Bill Dorland (Imperial College and Univ. of Maryland)
and Greg Hammett (Imperial College and Princeton Plasma Physics Lab)
Main Reference: Computational
Physics Notes by Prof. Angus MacKinnon, Imperial College.
Other useful references:
ICTP Computer Guide, good collection describing ICTP's excellent computer facilities and software.
Numerical Recipes: The Art of Scientific Computing. Free online copy of every chapter, enjoyable reading on the history and logic of various algorithms.
Netlib repository of free high-quality numerical software.
Chebyshev and Fourier Spectral Methods, by John P. Boyd. Excellent description of the best state of the art algorithms.
Attendees at the ICTP have a wide range of backgrounds and computer
experience. Some have primarily done analytic theoretical physics
or are rusty on computer skills, while some have written advanced nonlinear
plasma simulation codes. We will try to cover a wide range of topics,
starting with some of the fundamentals and including some advanced topics.
Lecture I. Introduction to numerical methods for ODE's: Accuracy and stability properties of 1st order Euler, Centered Implicit, Leap Frog, 2cd Order Runge-Kutta.
I: Write a short program to test various algorithms to integrate
the equations of motion for a particle gyrating in a constant magnetic
field, with and without a drag term. Try various algorithms, investigating
which one conserves energy the best while remaining stable in the presence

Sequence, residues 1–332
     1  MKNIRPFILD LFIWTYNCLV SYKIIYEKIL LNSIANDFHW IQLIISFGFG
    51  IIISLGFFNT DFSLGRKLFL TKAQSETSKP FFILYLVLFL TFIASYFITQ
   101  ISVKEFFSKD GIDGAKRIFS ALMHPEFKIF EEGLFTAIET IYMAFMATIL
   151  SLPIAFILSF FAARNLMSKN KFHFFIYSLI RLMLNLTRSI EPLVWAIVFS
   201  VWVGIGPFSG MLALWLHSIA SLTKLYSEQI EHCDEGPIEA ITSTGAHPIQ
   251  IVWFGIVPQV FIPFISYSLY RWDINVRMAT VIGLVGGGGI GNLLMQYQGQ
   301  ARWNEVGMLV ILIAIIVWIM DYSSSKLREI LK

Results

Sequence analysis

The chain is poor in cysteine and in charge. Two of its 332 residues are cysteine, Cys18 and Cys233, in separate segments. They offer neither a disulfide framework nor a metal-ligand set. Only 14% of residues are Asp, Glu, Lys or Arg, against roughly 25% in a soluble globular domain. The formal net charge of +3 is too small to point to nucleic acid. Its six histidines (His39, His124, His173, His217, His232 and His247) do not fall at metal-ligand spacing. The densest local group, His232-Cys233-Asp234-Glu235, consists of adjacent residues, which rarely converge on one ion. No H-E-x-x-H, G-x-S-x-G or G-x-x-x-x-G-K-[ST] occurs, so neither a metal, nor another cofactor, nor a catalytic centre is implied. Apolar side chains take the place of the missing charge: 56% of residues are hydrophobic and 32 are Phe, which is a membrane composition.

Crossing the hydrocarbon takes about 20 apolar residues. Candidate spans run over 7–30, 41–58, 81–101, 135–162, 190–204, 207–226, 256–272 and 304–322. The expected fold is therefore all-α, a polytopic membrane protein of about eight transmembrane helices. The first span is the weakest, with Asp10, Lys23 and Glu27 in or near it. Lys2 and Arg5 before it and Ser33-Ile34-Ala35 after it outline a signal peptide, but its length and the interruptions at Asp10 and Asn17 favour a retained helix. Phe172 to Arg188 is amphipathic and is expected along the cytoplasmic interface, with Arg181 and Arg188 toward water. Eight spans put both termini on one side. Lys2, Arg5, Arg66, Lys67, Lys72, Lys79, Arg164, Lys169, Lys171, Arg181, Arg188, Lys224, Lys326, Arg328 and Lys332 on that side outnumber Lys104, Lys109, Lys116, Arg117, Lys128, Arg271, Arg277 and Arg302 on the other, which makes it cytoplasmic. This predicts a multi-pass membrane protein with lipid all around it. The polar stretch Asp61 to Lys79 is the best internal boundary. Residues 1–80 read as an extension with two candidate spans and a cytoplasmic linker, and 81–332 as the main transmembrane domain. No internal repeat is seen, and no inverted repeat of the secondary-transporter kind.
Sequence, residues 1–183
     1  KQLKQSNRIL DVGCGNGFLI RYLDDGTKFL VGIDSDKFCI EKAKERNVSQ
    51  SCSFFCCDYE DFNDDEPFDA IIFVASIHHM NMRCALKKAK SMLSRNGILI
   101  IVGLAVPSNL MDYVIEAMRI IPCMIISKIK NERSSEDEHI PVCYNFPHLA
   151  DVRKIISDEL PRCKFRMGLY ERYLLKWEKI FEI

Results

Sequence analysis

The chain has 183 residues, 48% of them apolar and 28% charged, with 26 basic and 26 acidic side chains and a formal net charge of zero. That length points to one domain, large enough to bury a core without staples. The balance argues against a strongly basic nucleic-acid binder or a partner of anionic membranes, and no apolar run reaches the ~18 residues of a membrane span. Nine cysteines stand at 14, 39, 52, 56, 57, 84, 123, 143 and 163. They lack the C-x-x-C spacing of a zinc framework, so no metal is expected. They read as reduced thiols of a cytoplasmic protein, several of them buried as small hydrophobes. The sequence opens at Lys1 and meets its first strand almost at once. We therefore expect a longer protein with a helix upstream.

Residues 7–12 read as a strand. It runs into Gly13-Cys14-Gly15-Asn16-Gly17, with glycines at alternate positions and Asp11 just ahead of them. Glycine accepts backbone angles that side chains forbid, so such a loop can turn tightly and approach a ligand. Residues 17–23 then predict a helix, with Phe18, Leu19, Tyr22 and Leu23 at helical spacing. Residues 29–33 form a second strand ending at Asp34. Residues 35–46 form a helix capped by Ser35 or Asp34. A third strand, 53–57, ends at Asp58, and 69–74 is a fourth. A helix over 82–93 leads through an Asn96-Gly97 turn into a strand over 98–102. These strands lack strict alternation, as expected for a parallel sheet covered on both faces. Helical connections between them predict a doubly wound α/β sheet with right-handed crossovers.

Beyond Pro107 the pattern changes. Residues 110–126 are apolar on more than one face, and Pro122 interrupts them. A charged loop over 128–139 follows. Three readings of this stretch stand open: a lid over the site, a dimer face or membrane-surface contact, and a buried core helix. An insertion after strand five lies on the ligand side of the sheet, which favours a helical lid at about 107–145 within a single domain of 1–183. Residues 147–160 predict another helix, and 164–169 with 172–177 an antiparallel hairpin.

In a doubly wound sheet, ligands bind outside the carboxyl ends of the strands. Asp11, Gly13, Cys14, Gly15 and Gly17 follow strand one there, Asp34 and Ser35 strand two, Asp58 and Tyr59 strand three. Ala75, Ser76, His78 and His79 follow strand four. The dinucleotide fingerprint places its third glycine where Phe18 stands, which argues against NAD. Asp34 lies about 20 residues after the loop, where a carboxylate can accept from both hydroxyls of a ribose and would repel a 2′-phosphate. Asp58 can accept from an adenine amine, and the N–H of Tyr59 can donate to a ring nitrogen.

of drag. Other extensions of this project in MacKinnon.
Sample programs to start with for this and other projects are accessible
on ICTP computers in directory "/afs/ictp/public/h/hammettg".
Lecture II. More on ODE's: Adams-Bashforth algorithm. Why implicit methods might be difficult to implement (requires inversion of a matrix). Partially implicit iterative methods. Why one may want to do centered implicit for wave type problems and off-centered implicit for damping type problems.
Project II: Extend code of Project I to plot orbits of
a particle precessing around a dipole magnetic field (such as particles
trapped in the earth's magnetic field). (For simplicity, use the
v_z=0 limit where the particle stays in the (x,y) plane.) You should
be able to show that a second-order method is a hundred times faster than
simple first-order Euler for this problem.
Lecture/Demo III: Demo of Birdsall
and Langdon's ES1 Particle code on 2-stream instabilities.
Additional Lectures and Demos in Week III...: Nonlinear PDE's, Spectral methods and dealiasing, Modern programming techniques in Fortran-90, Parallel Programming.